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Registered: ‎08-13-2015

Re: Looking for a recommendation for a ultra-wide angle lens

[ Edited ]

I use the EF 16-35mm f/2.8L II USM, and love it.  If it is not as sharp near the edges and corners, then I have not noticed it.  I have ot really looked for it, either.  I have noticed that it does seem to have a focus plane that is curved, with the camera at the center of a sphere or cylinder. 

 

I like the lens.   I cannot help but wonder if the soft edges and corners that people are observing are a side effect of lens correction.

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"I don't rent software. I use Photoshop CS6, ACR 9.8 and Lightroom 6.8 ."
Occasional Contributor
Posts: 8
Registered: ‎04-24-2019

Re: Looking for a recommendation for a ultra-wide angle lens

[ Edited ]

hj_MW4 (1 of 1).JPGI purchased the Samyang 14mm 2.8 for MWP. 1st time was bad, due to user error and not understanding infinity on a lens doesn't necessarily mean in focus, 2nd time was much better. I've recently added the Tamron 15-30mm 2.8 but have yet to take it back out to the desert for a go.

Frequent Contributor
Posts: 51
Registered: ‎03-12-2019

Re: Looking for a recommendation for a ultra-wide angle lens

[ Edited ]

@TCampbell wrote:

I'm wondering what camera you were using when you said you needed to cut the exposure time to 17 seconds.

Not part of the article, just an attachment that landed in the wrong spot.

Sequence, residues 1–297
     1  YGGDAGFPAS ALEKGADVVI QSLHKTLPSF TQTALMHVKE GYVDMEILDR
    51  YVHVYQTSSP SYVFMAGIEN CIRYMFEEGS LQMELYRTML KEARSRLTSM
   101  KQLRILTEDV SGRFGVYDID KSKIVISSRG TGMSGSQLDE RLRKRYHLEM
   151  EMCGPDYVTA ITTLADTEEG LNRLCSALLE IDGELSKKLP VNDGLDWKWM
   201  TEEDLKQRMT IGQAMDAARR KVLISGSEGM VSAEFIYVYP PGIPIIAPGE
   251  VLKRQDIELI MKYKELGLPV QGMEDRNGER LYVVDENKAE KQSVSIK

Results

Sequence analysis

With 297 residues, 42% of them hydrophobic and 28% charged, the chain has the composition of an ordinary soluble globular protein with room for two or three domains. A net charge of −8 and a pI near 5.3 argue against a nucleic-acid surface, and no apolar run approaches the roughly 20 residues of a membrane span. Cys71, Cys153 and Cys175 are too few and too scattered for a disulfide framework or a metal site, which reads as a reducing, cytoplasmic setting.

Canon EOS 6D Mk II — and a highly modified Canon EOS 6D — with a Canon EF 24mm f/1.4L II USM lens.

Chris P. Bacon
F-1; AE-1; EOS 1V, 5D Mk IV, 6D, 6D Mk II, 7D, and 7D Mk II.
Esteemed Contributor
Posts: 3,816
Registered: ‎06-11-2013

Re: Looking for a recommendation for a ultra-wide angle lens

[ Edited ]

@ChrisPBacon wrote:

@TCampbell wrote:

I'm wondering what camera you were using when you said you needed to cut the exposure time to 17 seconds.

 

 


Canon EOS 6D Mk II — and a highly modified Canon EOS 6D — with a Canon EF 24mm f/1.4L II USM lens.


Hi Chris,

 

As long as the G11 has a precise polar alignment (I typicaally use a "PoleMaster" system by QHY-CCD) then unguided exposure duration shouldn't be a problem.  I've done 8-minute un-guided exposures with mine with a 540mm APO on the mount (I use a TeleVue NP101is refractor).  The shorter the focal length, the more forgiving it is about tracking accuracy.  If your G11 mount has the Gemini 2 controller then there is a built-in polar alignment assistant you can use.  Losmandy has a YouTube channel and a tutorial video on how to use that feature.